a plurality of vertically spaced elongated antenna elements projecting outwardly and rearwardly from opposite sides of the upright portion of said housing, one of the antenna elements on each side of the upright portion of said housing being electrically connected to the same one of said antenna circuits to form a dipole antenna;

one of said antenna circuits including a helically wound transformer with a primary and secondary winding, the primary winding thereof connected to one of said connectors by a capacitor and the secondary winding thereof connected to said dipole antenna with a capacitor connected across said secondary winding; and

means for electromagnetically isolating said antenna circuits within said housing, said means comprising folded wire turns physically proportioned to prevent resonance of said antenna circuit.

2. An antenna mast comprising:

a housing having a upright portion and a base portion adapted to be secured to the skin of an aircraft,

a plurality of electrical connectors carried by said base portion,

a plurality of antenna circuits enclosed in said upright portion, each of said circuits electrically connected to one of said connectors and including impedance matching means,

a plurality of pairs of vertically spaced elongated antenna elements, the antenna elements of each of said pairs pro jecting outwardly and rearwardly from opposite sides of the upright position of said housing and electrically connected to the same antenna circuit to form dipoles,

an elongated antenna element extending rearwardly from the upper extremity of the upright portion of said housing and electrically connected to one of said connectors through one of said antenna circuit, and

means for electromagnetically isolating said antenna circuits within said housing.

3. The antenna mast of claim 2 wherein the upright portion of said housing is an airfoil in cross section and includes a plurality of wing portions extending substantially normal thereto, each of said antenna elements being electrically connected to one of said antenna circuits through an electrical connector in one of said wings.

4. The antenna mast of claim 3 wherein said means for electromagnetically isolating said antenna circuits include a plurality of folded turns of an electrically conducting material, said folded turns being dimensionally proportioned to prevent the resonance of said antenna circuits, wherein said elongated antenna element extending rearwardly from the upper extremity of the upright portion of the housing is directly connected to one of the said connectors to form a VHF communications antenna, wherein a first pair of said dipoles are connected to one of said antenna circuits to function as an omnidirectional localizer antenna, and wherein a second pair of said dipoles are connected to another one of said antenna circuits to function as a glide slope antenna.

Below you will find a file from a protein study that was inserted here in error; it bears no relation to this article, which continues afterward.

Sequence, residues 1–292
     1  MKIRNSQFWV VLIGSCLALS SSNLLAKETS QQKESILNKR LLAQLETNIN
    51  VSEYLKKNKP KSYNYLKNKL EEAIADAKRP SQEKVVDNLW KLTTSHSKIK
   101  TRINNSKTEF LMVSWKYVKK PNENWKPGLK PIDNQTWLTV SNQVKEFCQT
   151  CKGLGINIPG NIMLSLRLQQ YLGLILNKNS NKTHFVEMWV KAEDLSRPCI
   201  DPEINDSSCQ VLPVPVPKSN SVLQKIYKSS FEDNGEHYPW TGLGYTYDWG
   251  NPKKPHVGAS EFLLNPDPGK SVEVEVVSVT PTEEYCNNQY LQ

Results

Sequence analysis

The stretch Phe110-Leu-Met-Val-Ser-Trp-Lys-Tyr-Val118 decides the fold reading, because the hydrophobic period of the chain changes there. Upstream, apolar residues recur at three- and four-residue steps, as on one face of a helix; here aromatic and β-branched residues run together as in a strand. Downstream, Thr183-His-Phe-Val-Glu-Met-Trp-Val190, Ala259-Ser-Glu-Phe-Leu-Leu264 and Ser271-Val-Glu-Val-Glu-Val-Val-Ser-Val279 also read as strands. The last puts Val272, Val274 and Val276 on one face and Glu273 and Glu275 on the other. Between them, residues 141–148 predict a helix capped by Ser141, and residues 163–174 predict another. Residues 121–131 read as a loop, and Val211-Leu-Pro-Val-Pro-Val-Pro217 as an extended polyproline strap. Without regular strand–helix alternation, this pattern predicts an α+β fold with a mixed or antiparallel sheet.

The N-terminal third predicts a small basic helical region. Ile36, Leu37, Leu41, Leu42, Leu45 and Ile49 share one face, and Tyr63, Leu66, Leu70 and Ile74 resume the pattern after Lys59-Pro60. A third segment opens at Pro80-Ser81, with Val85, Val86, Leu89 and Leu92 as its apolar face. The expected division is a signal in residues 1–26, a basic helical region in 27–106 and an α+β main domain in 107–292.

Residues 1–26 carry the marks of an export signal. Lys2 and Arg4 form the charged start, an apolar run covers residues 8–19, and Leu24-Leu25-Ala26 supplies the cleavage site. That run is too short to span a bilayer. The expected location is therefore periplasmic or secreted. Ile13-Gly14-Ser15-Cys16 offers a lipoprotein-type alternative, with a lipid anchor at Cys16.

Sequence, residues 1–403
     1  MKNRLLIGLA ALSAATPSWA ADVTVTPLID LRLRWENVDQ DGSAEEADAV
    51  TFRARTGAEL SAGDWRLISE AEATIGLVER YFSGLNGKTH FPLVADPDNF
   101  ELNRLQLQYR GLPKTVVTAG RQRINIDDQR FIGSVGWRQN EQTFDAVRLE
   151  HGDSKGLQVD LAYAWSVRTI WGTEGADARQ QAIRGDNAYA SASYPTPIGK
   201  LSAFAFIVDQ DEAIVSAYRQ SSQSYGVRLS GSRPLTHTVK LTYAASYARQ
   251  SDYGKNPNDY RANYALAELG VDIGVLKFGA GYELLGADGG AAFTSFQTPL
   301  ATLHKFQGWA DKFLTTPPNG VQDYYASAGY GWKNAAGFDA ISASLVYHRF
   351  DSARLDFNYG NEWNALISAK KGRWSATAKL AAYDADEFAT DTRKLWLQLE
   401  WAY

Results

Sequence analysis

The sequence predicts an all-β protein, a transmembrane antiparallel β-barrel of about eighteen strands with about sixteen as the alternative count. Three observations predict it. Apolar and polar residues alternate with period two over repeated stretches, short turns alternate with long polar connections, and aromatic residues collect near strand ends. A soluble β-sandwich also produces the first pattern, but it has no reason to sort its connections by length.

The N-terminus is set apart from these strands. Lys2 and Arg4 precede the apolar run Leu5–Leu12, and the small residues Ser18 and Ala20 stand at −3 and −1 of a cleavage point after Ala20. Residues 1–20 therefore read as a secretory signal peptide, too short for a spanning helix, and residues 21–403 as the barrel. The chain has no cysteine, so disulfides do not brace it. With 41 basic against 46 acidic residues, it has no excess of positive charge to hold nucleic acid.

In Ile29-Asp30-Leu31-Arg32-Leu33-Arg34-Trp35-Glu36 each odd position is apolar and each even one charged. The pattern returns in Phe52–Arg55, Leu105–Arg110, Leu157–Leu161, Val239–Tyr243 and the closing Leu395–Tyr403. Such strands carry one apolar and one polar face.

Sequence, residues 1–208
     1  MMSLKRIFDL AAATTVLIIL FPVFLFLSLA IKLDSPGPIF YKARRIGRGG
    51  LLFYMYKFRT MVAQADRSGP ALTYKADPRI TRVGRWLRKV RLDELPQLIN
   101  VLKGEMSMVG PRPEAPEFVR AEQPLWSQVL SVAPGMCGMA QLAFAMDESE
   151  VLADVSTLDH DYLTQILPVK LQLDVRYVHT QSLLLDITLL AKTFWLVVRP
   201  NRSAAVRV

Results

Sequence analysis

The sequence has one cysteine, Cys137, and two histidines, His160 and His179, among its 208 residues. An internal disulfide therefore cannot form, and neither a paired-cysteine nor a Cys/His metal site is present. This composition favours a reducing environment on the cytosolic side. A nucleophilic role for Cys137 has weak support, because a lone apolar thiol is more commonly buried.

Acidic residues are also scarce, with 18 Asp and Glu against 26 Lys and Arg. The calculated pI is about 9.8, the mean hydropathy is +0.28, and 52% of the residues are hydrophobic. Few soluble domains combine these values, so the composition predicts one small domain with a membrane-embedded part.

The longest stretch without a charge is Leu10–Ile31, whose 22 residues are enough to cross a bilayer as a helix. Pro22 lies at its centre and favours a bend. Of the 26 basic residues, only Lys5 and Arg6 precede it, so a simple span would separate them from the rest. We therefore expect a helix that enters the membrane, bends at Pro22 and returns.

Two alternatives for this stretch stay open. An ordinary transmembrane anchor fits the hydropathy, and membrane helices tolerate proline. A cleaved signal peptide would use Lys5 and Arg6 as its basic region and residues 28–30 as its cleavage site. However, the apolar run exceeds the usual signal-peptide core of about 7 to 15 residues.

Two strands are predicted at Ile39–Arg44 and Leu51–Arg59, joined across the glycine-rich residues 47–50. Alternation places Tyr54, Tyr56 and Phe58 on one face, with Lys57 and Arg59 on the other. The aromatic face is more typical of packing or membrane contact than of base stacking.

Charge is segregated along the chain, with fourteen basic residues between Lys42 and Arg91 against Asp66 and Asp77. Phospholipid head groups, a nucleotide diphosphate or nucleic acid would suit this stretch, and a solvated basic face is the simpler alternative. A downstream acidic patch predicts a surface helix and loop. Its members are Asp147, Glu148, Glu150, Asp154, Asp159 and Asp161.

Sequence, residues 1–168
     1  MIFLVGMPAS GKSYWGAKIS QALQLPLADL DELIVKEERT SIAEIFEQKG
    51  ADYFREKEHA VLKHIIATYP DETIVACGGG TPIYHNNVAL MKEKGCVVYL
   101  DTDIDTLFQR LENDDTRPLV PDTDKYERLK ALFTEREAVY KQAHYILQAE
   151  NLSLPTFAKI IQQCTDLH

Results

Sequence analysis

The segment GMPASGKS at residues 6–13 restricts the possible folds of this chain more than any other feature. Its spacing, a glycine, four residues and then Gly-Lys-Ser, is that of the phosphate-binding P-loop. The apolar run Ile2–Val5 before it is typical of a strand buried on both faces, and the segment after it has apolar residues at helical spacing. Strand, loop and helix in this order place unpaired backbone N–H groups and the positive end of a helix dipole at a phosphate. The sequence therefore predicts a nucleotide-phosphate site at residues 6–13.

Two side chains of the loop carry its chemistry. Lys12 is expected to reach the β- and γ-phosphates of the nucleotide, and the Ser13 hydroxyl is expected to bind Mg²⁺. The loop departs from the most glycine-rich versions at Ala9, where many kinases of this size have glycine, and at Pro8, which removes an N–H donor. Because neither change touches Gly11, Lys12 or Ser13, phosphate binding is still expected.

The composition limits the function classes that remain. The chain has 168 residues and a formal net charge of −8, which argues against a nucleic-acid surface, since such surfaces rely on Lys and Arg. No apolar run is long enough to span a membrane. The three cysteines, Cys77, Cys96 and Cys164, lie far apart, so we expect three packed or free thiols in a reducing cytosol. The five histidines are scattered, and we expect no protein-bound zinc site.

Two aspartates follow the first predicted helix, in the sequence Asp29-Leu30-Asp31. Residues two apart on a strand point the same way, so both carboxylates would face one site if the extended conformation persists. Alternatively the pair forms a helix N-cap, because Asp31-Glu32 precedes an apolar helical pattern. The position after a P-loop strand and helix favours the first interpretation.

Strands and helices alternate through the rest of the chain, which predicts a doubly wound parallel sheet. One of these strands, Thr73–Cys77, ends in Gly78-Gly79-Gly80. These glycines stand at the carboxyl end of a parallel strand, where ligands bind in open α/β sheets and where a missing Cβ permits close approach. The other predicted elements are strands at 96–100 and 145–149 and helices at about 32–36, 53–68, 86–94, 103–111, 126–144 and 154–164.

5. An aircraft antenna comprising:

an electrically conducting baseplate adapted to be secured to the skin of an aircraft;

an electrically insulative mounting member carried by said baseplate;

an electrically insulative blade secured to said mounting member;

a plurality of electrical circuits mounted on said blade;

an electrically insulative airfoil housing encasing said mounting member, said blade, the electrical circuits carried by said blade, a portion of each of said elongated antenna elements and a portion of said baseplate;

means for electromagnetically isolating said antenna circuits within said housing comprising folded wire turns physically proportioned to prevent resonance of said antenna circuit;

a plurality of coaxial connectors carried by said baseplate, the outer conductor of each of said connectors being electrically connected to said baseplate;

means electrically connecting each of said antenna circuits to the inner conductor of one of said connectors;

a plurality of vertically spaced elongated antenna elements electrically connected in pairs to form dipoles, each of said pairs being connected to one of said antenna circuits,

an elongated antenna element extending rearwardly from the upper extremity of the upright portion of said housing, said rearwardly extending antenna element being electrically connected through one of said antenna circuits to one of said connectors; and

one of said antenna circuits including a helically wound transformer with a primary and secondary winding, the primary winding thereof connected to one of said connec tors by a capacitor and connected to another of said connectors by another capacitor and the secondary winding thereof connected to said dipole antenna with a capacitor connected across said secondary winding.

6. An aircraft antenna mast comprising:

an aerodynamic housing adapted to be secured to an aircraft;

a communications antenna element extending rearwardly from the upper extremity of said housing;

a first pair of dipoles extending rearwardly and outwardly from opposite sides of said housing;

a second pair of dipoles extending rearwardly and outwardly from said housing on opposite sides thereof, said communication antenna and said pairs of dipoles being vertically spaced from each other;

connector means carried by said housing; and